Team Stats vs. Perception

Just tooling around Baseball Reference, comparing team stats, and a few gaps jump out between perception of the Angels and reality:

Perception: The Angels have a shoddy offense. Reality: We're 7th in the league in runs per game, at 4.95 (higher than in 2008, 2006 and 2005); better than the league average of 4.81, and (given the extreme difference in ballpark effects) better (on an average basis, anyway) than the Texas offense of 4.97. This while Kendrick stank and Vladdy didn't contribute (though a couple of guys have hit quite a bit better than expected).

Perception: The Angels play National League-style small ball. Reality: The team is exactly tied in sacrifice bunts with -- wait for it! -- Billy Beane's Oakland, with 18. American League teams average 17 sacrifices; the NL 29. Still, the AL runs a helluva lot more than the NL, averaging 49 steals in 64 attemps versus 39 in 55 (Scioscia, true to his form, is near the top in baseball, at 68 and 89). In fact, the American League has been stealing slightly more often than the National League, on average, all decade, so I don't even know what "National League-style small ball" means anymore, aside from "I'm an announcer and I'm lazy."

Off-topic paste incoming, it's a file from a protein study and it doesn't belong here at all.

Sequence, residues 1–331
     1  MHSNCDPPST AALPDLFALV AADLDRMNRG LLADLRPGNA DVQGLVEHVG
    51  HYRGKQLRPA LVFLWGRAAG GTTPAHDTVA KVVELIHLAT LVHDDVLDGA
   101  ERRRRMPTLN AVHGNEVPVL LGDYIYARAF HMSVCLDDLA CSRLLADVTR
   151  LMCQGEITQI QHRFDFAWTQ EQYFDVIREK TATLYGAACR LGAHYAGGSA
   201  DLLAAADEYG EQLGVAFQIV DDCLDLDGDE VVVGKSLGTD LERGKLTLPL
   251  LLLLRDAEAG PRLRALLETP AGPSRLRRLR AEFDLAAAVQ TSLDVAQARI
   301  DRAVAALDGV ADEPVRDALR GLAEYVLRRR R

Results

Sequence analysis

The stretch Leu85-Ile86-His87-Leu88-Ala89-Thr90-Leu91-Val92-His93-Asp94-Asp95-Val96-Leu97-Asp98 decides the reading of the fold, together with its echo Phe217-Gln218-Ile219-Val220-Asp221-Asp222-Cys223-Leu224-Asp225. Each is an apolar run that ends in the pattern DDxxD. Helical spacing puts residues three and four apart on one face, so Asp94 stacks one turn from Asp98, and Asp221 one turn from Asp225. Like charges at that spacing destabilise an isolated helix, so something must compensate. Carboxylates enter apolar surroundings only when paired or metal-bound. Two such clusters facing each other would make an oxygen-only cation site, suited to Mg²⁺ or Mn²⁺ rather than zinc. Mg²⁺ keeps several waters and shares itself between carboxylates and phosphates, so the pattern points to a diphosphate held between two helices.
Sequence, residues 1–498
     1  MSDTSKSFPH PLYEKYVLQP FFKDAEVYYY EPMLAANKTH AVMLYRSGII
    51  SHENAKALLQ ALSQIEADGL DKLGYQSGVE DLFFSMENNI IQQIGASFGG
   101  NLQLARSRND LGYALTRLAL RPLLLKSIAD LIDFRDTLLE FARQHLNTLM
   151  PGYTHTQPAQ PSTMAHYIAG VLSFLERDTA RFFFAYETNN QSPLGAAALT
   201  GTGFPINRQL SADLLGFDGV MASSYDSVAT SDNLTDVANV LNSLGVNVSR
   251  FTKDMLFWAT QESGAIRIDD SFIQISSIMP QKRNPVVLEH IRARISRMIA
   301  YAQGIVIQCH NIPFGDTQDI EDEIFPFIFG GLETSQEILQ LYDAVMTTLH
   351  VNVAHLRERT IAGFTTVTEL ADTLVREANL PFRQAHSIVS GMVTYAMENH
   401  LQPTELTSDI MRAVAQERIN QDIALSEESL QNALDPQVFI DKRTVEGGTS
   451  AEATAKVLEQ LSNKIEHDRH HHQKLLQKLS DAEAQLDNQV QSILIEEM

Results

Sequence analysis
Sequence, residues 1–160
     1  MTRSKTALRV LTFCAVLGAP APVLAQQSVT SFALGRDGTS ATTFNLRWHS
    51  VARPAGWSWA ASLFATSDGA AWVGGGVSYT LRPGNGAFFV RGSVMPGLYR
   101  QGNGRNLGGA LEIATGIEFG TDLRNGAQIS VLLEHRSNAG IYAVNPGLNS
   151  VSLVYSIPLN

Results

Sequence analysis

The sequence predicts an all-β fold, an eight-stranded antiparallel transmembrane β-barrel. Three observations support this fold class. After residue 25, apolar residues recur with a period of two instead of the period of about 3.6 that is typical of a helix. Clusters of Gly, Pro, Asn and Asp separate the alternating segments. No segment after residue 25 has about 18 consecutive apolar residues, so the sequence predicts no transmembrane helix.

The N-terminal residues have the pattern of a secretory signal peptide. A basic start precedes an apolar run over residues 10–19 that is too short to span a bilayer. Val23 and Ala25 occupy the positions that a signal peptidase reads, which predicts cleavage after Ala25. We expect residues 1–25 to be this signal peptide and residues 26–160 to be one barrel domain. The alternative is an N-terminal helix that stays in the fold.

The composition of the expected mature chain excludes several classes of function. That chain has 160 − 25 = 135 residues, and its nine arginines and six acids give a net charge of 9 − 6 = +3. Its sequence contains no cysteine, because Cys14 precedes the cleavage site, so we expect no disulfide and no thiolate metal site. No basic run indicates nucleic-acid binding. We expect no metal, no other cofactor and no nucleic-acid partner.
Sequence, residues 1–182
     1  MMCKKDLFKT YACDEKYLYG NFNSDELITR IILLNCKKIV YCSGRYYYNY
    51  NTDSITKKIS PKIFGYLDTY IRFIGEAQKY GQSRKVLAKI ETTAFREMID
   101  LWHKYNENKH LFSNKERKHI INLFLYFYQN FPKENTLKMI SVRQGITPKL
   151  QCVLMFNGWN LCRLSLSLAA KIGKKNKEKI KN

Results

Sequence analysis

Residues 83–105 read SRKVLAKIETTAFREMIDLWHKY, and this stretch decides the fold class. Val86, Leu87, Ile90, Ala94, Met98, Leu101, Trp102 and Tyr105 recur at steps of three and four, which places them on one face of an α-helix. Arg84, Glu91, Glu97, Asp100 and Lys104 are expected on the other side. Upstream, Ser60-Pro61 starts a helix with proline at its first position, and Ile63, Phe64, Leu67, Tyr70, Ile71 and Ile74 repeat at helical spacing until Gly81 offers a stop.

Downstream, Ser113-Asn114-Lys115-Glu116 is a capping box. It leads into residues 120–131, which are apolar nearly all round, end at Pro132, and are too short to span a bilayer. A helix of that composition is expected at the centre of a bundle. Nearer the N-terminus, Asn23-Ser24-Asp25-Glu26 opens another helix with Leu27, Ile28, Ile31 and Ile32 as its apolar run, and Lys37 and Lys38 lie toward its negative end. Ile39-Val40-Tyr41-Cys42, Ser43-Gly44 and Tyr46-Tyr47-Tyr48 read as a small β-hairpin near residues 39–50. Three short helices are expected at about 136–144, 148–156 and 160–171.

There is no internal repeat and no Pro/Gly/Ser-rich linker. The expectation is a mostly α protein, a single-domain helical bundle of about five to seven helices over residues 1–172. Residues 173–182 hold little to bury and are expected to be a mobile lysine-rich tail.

Perception: The Angels depend on a high-contact, high-average, high baserunning model for success. Reality: OK, that remains totally true. We're first in Batting Average (just like 2007!), 11th in strikeouts (just like 2008 and 2006!), 11th in walks (2002!), 12th in home runs (2007, 2006!), and 2nd in stolen bases (2008, 2007!). The good news, for those of you who have grown weary of this type of offense, is that at least we seem to be following the '07/'04/'02 model, instead of the '08/'06/'05/'03. Check out how bizarrely close these groups are to one another:

2009 .282/.342/.429 4.95
2007 .284/.345/.417 5.07
2004 .282/.341/.429 5.16
2002 .282/.341/.433 5.25

2008 .268/.330/.413 4.72
2006 .274/.334/.425 4.73
2005 .270/.325/.409 4.70
2003 .268/.330/.413 4.54

I figure with the warming weather, and the return of Vlad, this offense will be above 5 runs per game, and within the top 5-7 in the league. I have also been known to be optimistic.

A final note: The last two years the Angels have hit into an awful lot of double plays -- 140 and 146. So far this year we're on pace for just 107, which would be the second-lowest total in the Scioscia era (2002, even with all those men on base, produced just 105). Though now that Vlad's back expect the GIDPs to come back with him.

This Fan-Post is authored by an independent fan. Tell us what you think and how you feel.

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